***please note, the following posts are no-holds barred accounts of Marlowe's birth. If you are at all squeamish about that kind of thing, you may want to skip them. This means you, Stamatia.
When we arrived at the hospital, the ER was surprisingly quiet. The Obstetrics Check-In desk was closed, because it was the middle of the night on Saturday, and because SB and I had done our hospital tour such a long time ago (because we're keen like that) we couldn't remember what we were supposed to do then. We tapped on the regular Check-In desk's glass, and the gentleman who came waved us through to the elevators. Meanwhile, an ambulance crew was waiting to deposit a patient, and during this 2 minute interval they asked me approximately 8 times if I would like a wheelchair. Even though I told them no 8 times.
Once upstairs, we got all set up for the routine pre-admission fetal monitoring and check of progress. Our doula arrived, and SB went back down to park the car. (Because it was the middle of the night, he got a great spot!)
I became preoccupied by how hot the room was. I am hyper-sensitive to temperature in normal times, but my entire pregnancy I felt like a self-contained rotisserie. And my gown wouldn't snap. So we did the whole one gown the right way, one gown backwards trick so my ass wasn't hanging out everywhere, but this solution compounded the sauna-like state of the birth centre triage. We waited for what seemed like hours for the resident on duty to arrive, and when he did he looked like he had just rolled out of bed, into his hoodie, and walked from his dorm to the hospital. Which is totally possible, and maybe even probable. I don't remember his name, nor would I post it here, but let's call him Dr. Duh.
His check showed that I was 4 cm dilated, 80% effaced, but that baby was at -3 station, which means very high up there. Also, my membranes were still intact, so I guess I just had a slow leak all day long. I was a bit disappointed to hear how high up she was sitting, since I had assumed she was low and engaged given all the pelvic discomfort I'd been feeling. I was glad to hear how far I'd progressed, though, because if these pains were just practice pains, then grrrr. At this point Dr. Duh said "so, we'll get you admitted, and then you can get your epidural." When I said no, he was kind of like "what do you mean?" This did not bode well, but I just ignored him.
Once we were settled into our delivery room, our first nurse arrived. She seemed like a nice enough lady, and looking back, I feel like she was probably new. The first thing she wanted to do was get me hooked up on a fetal monitor. Since I had just spent five hours (actual time was probably 45 minutes, but it felt like five hours) laying on my back attached to a monitor, all I wanted to do was walk around the room a little. We asked why this was necessary since we had just been hooked up, and they had plenty of data for the moment. She then proceeded to explain that since the baby was so high up, and my waters weren't broken, I would have to remain in the bed on a monitor, since if my waters broke and I was walking around the cord could get washed out first and compressed.
Plausible? Maybe. However, I had been leaking fluid all day and walking around laboring at home, and if I'm willing to take the risk to have a better labor experience, then dude, don't argue with a woman squeezing out a baby. She then began her spiel about how I would also have to stay in bed so that the IV would be stable and safe, and oh, by the way, watch out, I need to put the bed rail up so you don't fall out of bed. (behind me I heard my doula whisper to me "when was the last time you fell out of bed?")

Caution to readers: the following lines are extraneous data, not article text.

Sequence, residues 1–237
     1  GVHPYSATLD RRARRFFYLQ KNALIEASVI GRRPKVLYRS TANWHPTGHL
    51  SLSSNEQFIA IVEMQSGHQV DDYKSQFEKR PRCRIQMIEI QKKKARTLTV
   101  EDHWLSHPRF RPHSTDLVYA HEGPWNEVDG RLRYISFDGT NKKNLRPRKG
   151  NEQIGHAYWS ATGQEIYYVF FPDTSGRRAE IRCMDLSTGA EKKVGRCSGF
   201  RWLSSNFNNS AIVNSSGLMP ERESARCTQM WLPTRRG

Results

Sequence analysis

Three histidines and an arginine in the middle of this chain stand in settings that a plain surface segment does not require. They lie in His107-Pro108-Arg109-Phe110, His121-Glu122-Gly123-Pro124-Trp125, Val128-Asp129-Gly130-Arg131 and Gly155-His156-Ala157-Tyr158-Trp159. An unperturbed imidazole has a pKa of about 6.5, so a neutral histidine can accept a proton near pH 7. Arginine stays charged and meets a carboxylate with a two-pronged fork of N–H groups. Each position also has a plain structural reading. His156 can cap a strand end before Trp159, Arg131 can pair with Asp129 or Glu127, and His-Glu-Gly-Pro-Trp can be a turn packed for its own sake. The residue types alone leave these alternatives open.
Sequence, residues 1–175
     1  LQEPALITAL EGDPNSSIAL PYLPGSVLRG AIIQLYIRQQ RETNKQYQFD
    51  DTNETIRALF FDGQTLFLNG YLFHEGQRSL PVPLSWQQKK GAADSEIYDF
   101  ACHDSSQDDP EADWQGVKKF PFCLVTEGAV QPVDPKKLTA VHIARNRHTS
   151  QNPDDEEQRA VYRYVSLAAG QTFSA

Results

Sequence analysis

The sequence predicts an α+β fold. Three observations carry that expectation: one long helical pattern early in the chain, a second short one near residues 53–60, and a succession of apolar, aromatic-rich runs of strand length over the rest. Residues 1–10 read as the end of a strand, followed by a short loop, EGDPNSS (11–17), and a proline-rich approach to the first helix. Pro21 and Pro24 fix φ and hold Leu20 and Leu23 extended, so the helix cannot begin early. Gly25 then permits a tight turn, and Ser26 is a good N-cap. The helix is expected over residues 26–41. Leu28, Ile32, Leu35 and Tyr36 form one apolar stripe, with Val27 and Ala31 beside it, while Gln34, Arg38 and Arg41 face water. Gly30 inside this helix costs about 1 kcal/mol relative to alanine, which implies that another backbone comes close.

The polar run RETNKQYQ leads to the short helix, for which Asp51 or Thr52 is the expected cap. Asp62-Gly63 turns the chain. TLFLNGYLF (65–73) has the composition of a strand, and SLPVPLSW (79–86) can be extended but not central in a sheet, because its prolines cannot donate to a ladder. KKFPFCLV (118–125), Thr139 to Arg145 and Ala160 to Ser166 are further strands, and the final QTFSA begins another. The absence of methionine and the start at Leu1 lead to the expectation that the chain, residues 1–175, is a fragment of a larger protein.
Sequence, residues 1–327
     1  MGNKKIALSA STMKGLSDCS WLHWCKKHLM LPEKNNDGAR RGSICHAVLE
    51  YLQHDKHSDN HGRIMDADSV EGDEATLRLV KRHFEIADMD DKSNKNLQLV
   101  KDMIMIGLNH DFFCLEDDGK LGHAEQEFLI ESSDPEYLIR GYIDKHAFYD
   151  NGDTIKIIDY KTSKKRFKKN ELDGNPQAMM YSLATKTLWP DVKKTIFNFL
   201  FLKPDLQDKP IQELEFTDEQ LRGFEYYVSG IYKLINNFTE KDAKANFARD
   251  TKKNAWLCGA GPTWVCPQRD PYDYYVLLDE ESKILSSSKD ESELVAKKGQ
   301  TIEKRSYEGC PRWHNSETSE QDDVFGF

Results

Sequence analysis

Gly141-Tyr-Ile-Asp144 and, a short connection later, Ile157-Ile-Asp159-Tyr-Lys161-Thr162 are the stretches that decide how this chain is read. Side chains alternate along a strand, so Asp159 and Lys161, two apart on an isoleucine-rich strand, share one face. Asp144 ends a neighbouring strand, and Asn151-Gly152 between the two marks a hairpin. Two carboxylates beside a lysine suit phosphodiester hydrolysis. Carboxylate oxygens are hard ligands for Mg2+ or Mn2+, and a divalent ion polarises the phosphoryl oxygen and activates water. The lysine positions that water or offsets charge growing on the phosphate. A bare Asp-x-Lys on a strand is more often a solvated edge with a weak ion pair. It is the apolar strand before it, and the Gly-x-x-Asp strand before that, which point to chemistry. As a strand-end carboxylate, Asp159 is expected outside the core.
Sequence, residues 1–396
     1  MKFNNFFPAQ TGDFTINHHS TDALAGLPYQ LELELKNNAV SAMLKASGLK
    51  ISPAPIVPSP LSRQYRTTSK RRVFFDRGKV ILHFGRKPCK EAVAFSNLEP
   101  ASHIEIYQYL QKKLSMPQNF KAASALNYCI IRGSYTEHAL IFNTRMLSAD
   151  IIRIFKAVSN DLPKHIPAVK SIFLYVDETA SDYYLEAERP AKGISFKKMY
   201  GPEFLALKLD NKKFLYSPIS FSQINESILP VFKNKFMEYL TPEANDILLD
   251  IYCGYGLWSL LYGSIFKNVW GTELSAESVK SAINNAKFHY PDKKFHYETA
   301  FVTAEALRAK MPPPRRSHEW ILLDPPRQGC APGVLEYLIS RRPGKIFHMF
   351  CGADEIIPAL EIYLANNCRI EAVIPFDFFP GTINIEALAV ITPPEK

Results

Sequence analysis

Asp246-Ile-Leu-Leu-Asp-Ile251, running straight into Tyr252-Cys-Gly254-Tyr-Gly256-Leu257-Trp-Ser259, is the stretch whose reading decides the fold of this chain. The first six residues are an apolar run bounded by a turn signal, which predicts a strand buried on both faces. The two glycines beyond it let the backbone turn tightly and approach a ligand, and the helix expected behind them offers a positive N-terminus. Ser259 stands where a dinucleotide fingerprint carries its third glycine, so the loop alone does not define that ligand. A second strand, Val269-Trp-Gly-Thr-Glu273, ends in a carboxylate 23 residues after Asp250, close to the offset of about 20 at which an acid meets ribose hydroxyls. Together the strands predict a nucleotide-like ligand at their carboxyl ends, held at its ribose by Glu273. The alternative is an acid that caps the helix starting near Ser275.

(Because I have a pretty major phobia of needles, and because I didn't intend on needing an IV for anything except an emergency circumstance, and because I know that if I needed one, it would be easy enough to install when it was necessary anyway, I was adamant about not being hooked up to an IV, nor a Hep Lock.)
She then asked us where our birthplan was if we wanted all these "special" instructions followed (don't get me started on how not wanting any interventions at all when laboring could be considered "special") - I had specifically asked my doctor about it at my appointment the Monday before and she said "it's totally not necessary, just tell the nurses what you are okay with and what you aren't, and they'll respect it. They are very supportive of whatever you choose." So I was not please with this nurse demanding to see one. Our doula quickly jotted one down, which I signed and gave to the nurse, who then said she still couldn't let me up to walk around without a monitor on.
I started to lose my shit about then, and thus began the argument that resulted in me yelling at the nurse "why are you still here arguing with me?" and "would you just go get the doctor already?" While my doula tried to politely say "I think we understand what you are saying, but she would just like the doctor to come check and see if maybe the baby has engaged?" Then the nurse fired us. FIRED US like it would hurt our feelings. I will never forget the tone of her voice when she said "Well, maybe I should just get you another nurse, then..." and I wish I could have seen her face (I was busy with my head buried in a pillow during a contraction) when we all three said "Yes, please, I think that would be a good idea."
Then she had her boss come back in with. I don't know why. She was back to trying to explain why I had to stay in the bed and why I would need an IV. At this point I turned off my ears. My head was about to explode off my body, and I felt I may leap off the bed and tackle that nurse. Eventually between SB and the doula they worked it out - the nurse left, we got a new one, and they sent for the doctor to check me.